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Question:

From Willamina, Oregon, USA:

I have heard that less than 25% of contributions to JDRF and other organizations actually go towards finding a cure for diabetes. As you know, the disease is disabling and detrimental to those that suffer from the complications. Why is so much emphasis put into treating the disease rather than finding a cure? I no longer make contributions because of this information. If this is not accurate, I would like to have some hope for my son.

Answer:

I have heard that less than 25% of contributions to JDRF and other organizations actually go towards finding a cure for diabetes. As you know, the disease is disabling and detrimental to those that suffer from the complications. Why is so much emphasis put into treating the disease rather than finding a cure? I no longer make contributions because of this information. If this is not accurate, I would like to have some hope for my son.

We reached out to JDRF for an answer:

Thank you for reaching out with your question about JDRF. We appreciate your concern as the parent of a child with T1D about ongoing efforts to cure the disease, and we're happy to offer you a response.

JDRF is the only global organization with a strategic research plan to end T1D. Our plan ensures that there will be an ongoing stream of life-changing therapies moving through the research pipeline from development to the marketplace that lessen the impact of T1D until we eliminate the disease from people's lives completely. Curing T1D is, and always has been, JDRF's ultimate goal. Until then, JDRF seeks to keep people with T1D healthy and safe and remove some of the substantial burdens that T1D places on their lives.

JDRF provided more than $110 million in funding for T1D research last year alone. Nearly two-thirds of that funding-more than $65 million-was for research to cure the disease (with an additional $8 million in research to prevent T1D). This includes research on encapsulated islets, which, by producing insulin without the need to suppress the immune system, would lead to a functional cure for T1D, and research to restore beta cell function so that they can deliver insulin and are protected from immune attack, which would represent a full biologic cure. These areas of research would produce outcomes such as minimal or no blood sugar testing, no need to administer insulin on a daily basis, no worries about high or low blood sugar events or long-term complications - in other words, the ability to live life without the daily burden of T1D.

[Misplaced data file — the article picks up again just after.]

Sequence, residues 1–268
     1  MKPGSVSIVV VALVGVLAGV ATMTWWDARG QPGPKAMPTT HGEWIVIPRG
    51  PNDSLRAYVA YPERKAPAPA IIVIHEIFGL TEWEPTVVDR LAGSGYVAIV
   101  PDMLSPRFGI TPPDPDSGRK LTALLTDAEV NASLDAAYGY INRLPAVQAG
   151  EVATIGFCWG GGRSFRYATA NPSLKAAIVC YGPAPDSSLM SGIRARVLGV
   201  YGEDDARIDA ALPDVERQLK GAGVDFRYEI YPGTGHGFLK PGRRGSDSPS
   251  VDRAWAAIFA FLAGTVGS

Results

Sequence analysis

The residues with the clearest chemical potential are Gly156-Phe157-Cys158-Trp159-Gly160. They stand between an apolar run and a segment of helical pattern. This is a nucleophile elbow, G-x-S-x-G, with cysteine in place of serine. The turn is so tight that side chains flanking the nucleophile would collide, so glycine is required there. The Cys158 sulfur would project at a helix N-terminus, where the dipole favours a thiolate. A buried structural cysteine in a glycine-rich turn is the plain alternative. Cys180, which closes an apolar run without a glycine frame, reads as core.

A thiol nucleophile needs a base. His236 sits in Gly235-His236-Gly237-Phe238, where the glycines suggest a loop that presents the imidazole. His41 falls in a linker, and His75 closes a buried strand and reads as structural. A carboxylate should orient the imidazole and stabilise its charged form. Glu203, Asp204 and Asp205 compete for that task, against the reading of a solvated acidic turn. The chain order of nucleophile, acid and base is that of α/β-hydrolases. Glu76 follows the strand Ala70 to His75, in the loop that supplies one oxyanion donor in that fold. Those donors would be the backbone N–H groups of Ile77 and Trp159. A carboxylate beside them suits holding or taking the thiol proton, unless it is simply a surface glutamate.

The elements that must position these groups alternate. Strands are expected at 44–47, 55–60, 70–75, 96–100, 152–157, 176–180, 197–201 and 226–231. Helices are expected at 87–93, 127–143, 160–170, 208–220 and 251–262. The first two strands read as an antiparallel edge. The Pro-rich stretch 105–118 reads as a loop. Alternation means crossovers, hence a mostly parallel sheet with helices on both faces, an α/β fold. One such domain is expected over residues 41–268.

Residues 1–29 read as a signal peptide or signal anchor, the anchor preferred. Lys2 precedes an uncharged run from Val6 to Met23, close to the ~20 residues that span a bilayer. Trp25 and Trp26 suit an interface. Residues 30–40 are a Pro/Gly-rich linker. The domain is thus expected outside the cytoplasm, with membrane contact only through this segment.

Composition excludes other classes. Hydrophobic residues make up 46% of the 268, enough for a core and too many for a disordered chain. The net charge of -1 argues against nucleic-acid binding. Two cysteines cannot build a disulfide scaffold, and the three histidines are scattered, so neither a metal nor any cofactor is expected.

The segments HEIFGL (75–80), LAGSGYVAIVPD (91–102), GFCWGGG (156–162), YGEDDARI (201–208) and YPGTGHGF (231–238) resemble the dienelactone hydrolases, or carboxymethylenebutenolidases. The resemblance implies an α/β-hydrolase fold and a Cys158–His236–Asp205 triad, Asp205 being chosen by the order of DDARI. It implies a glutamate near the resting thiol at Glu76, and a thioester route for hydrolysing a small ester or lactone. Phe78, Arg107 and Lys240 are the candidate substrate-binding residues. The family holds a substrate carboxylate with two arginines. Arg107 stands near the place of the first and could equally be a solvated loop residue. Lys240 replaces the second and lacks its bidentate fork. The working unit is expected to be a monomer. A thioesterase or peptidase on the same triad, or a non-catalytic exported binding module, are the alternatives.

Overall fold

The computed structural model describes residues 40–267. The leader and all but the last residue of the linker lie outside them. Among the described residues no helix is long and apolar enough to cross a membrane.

The remainder of JDRF's research funds went toward potentially life-changing research that could transform the way people with T1D live with the disease. This includes research in areas such as preventing and halting the devastating complications of T1D, developing mechanical interventions such as artificial pancreas systems that could restore normal glucose levels and eliminate the fear of most high and low blood sugar emergencies, and smart insulin that could keep blood glucose at a stable level with a single injection that could last for several days.

We welcome you to learn more about JDRF's plan to turn Type One into Type None and join us in our efforts by visiting www.jdrf.org/theplan. Please feel free to contact me directly if I can answer any more questions.

Aaron Kowalski, Ph.D.
Vice President, Treatment Therapies

JSH

DTQ-20140108225328
Original posting 15 Jan 2014
Posted to Research: Cure and Other

  
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Last Updated: Saturday February 01, 2014 16:32:36
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